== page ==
Given the KISS connection, AMC’s “4th and Loud” has appropriately hidden a pretty solid docu-series underneath lots of heavy makeup. At its core, this show about the LA KISS – a new arena football team, which counts KISS members Gene Simmons (last seen in reality circles flashing his “Family Jewels”) and Paul Stanley among the owners – operates on two tracks: A sports show, about guys risking life and limb to chase their football dreams; and a business start-up, where management periodically clashes with the front-line staff. For AMC – whose reality offerings haven’t particularly impressed – the premiere delivers an unexpectedly solid kickoff.
Not surprisingly, the opening moments play up KISS’ rock ‘n roll credentials, but they’re only part of the management brain trust, which also includes KISS manager Doc McGhee, managing partner/owner Brett Bouchy, and president/owner Schuyler Hoversten.
The ownership’s concerns, however, run parallel – and occasionally, at cross-purposes – with those of coach Bob McMillen, and the various players trying out for a shot at the team, where, we’re told, the average compensation is a mere $830 a week. Most hang on to day jobs while going through practices, and in the premiere, two grapple with injuries – one brought about by a car accident that resulted in brain damage years before – that threaten their careers.
There is, perhaps inevitably, some play acting involved. It’s hard to believe, for example, that Simmons is so naïve as to be shocked that playing full-contact football with a head injury might be a life-threatening proposition. (As a footnote, with L.A. in serious drought conditions, it’s also kind of weird to see a practice rained out, which can’t help but make an Angeleno wonder, “When the hell was that?”)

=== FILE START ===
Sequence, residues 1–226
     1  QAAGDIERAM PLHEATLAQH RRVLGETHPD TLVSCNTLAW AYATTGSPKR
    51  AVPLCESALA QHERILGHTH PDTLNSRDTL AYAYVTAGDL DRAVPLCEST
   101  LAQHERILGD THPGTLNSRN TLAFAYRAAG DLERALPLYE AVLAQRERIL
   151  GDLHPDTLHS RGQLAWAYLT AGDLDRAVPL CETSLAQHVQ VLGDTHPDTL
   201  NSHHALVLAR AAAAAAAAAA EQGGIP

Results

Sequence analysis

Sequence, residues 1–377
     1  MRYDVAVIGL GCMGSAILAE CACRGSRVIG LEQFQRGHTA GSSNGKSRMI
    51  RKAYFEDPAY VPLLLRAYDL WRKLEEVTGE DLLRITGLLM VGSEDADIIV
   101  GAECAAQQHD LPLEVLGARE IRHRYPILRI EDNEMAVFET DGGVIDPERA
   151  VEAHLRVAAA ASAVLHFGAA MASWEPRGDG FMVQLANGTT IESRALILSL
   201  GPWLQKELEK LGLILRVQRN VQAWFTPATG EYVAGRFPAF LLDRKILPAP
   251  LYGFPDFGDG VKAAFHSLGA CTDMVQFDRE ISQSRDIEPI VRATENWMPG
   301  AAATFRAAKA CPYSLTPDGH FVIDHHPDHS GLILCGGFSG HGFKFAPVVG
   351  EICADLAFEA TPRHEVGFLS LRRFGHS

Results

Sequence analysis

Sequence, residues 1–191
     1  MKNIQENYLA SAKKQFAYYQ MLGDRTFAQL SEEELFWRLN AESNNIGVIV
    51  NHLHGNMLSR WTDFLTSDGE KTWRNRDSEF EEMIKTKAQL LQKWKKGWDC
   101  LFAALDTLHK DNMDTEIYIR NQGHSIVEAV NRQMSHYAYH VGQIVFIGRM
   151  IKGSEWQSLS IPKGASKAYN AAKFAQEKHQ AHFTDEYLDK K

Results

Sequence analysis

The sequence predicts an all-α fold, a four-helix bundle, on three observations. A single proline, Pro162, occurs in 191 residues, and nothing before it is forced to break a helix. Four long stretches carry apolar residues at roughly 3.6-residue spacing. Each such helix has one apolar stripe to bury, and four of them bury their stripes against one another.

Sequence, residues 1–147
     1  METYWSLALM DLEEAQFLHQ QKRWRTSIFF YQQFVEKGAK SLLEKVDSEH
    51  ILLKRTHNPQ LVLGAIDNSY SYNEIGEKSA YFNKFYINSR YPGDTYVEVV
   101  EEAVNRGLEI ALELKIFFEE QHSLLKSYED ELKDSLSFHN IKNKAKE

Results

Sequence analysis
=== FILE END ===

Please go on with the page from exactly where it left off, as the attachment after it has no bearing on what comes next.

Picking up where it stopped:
For the most part, though, “4th and Loud” is actually spare and serious, with McMillen pushing back against moronic-sounding plans like having players wear KISS makeup during games – a marketing flourish that he sees, rightly so, as putting showbiz ahead of sports, and turning the players into carnival acts.
Frankly, the series’ game plan might not have enough bells and whistles to flourish as a reality show – where the audience is programmed to tap into outlandish characters – unless people become invested in individual players. And despite the promising start, there’s a lot of game to be played, as it were, until the final gun.
For now, though, AMC has delivered an interesting series whose insights regarding the hunger that drives athletes wouldn’t look out of place on ESPN. And while “4th and Loud” feels a little too understated to make anybody want to rock ‘n roll all nite, it’s not hard to root for this plucky underdog to make a little noise.